At around 10:20 pm, Ma’am Ivy and Ma’am Chryl announced that the winners of the student council would be released in a few.

Vice Chancellor Neil Santillan started with the voters’ turnout. 49% of the student population voted, a slight decrease from last year’s 51%.

The members of the University Student Electoral Board then announced the winners in the college representatives. Stand UP had 10, Alyansa had 4 and Kaisa had 1. Five independent candidates won.

Then came the announcement of councilors.

Last year, Alyansa had 8, Stand UP had 3, and independent Mark Navata got one slot. KAISA, who had zero in the last two years, earned the 12th place via Yael Toribio.

Eleventh place went to Alyansa’s Magnolia Del Rosario. This was her second bid; she placed only 15th last year. This would be Alyansa’s last win for the night. UP ETC president Leo Rivera did not make it despite the solid CBA and School of Econ vote for the past few years. Billy Orquin didn’t make it to the list of winning councilors despite the strong “Billy na kayo” campaign slogan and the support from UP Babaylan. Cassie Deluria didn’t make it despite her interesting platform on awareness on mental illnesses.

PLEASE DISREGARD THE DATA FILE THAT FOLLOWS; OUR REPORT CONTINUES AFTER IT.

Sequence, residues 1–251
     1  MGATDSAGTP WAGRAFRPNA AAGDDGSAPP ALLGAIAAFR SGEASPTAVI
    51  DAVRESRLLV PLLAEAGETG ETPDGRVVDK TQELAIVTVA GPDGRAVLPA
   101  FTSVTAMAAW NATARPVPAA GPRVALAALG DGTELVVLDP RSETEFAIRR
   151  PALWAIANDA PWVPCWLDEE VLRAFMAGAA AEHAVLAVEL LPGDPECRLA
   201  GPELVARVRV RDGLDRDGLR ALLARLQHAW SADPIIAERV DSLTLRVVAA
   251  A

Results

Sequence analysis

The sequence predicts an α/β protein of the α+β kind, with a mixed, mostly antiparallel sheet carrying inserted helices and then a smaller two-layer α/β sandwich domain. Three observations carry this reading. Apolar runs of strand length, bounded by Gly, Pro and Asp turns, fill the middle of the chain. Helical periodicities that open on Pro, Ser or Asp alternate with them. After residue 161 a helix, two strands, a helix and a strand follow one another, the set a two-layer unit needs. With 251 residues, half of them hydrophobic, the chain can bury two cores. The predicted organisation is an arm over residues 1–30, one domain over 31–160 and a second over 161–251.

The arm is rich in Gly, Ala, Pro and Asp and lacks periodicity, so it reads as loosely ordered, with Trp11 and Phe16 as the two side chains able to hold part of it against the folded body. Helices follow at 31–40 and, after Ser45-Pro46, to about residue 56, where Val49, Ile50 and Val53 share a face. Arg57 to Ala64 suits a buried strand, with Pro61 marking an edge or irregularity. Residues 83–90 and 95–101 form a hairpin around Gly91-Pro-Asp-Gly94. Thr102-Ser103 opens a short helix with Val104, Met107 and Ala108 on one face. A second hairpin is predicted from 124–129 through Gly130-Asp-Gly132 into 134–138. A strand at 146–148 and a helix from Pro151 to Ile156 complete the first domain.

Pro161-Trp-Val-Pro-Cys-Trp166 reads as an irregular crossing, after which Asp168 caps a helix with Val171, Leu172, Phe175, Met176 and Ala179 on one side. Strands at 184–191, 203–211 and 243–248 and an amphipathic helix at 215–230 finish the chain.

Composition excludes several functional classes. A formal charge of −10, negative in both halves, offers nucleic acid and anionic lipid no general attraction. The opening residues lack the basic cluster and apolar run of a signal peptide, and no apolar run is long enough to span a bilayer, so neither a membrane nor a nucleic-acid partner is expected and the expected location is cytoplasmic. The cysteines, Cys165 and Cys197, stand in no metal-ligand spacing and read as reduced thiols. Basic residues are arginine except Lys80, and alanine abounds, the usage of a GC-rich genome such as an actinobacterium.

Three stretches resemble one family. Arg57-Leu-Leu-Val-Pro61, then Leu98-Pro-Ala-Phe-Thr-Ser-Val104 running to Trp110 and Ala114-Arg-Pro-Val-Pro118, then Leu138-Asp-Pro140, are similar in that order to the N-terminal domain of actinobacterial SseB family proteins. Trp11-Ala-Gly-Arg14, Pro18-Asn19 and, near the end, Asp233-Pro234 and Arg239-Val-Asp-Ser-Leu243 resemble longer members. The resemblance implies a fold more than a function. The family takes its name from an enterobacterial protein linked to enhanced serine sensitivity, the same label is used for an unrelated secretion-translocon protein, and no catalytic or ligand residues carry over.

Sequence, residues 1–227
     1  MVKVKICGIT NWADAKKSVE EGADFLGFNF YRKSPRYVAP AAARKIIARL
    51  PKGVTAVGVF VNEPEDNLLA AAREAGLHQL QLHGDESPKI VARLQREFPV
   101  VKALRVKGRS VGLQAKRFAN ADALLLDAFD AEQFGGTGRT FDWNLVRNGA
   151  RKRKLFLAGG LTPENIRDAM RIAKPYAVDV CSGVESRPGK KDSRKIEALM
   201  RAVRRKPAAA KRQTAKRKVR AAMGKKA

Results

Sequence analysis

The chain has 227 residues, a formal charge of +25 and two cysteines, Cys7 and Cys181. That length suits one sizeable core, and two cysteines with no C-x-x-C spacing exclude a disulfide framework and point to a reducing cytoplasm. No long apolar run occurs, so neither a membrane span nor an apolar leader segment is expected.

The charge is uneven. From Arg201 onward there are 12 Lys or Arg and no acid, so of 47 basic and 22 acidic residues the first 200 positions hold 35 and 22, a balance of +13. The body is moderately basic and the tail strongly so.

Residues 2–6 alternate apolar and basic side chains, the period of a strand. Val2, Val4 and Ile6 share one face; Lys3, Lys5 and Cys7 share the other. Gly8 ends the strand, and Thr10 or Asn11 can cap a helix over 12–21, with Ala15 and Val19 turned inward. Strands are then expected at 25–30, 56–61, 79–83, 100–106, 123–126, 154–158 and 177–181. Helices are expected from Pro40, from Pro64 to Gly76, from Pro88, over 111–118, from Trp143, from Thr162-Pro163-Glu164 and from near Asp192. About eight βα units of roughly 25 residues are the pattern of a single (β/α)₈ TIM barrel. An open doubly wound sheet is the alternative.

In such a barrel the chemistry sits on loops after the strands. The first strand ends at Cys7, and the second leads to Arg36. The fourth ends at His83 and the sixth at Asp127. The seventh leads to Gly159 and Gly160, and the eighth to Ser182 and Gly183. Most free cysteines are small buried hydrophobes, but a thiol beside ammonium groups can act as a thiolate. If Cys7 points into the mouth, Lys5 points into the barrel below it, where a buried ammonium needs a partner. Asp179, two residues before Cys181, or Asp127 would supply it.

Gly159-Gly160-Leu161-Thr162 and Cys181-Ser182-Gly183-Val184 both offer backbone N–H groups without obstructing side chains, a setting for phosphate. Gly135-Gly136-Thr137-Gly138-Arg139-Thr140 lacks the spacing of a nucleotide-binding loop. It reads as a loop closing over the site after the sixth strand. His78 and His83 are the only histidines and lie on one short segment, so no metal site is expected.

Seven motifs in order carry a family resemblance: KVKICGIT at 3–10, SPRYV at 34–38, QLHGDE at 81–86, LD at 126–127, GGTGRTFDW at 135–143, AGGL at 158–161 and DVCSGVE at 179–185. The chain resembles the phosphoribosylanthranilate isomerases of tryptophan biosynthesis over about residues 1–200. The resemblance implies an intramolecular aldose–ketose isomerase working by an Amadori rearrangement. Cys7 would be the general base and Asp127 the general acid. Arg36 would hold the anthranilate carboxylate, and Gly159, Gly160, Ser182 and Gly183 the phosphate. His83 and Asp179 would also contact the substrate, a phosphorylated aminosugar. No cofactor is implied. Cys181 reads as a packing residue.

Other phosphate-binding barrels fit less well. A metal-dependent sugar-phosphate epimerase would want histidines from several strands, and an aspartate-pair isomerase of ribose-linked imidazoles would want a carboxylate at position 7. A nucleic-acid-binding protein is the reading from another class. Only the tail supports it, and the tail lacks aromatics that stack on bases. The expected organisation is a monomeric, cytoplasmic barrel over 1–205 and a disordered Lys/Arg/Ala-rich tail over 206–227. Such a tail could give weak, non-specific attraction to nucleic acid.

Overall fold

The 10th, 8th and 7th places went to Stand UP’s Marie Navea-Huff, Arvin Alba and Niki Esguerra, respectively. The 9th place went to incumbent NCPAG representative RJ Belen who, again, was running as independent.

Sixth place went to Kaisa’s LA Castro, who also ran last year but managed to place only 22nd. In 5th place was Patrick Sicat, a law student running as independent. He was formerly a member of Saligan sa CSSP.

The 1st to 4th positions were swept by Stand UP. No other political organization had done this before other than Alyansa in 2004. Shari Oliquino, who also ran last year but only ranked 16th, was only 11 votes behind third placer Micah Tolosa. Tolosa, together with first and second placers Ben Te and Donn Bernal, are all from CSSP.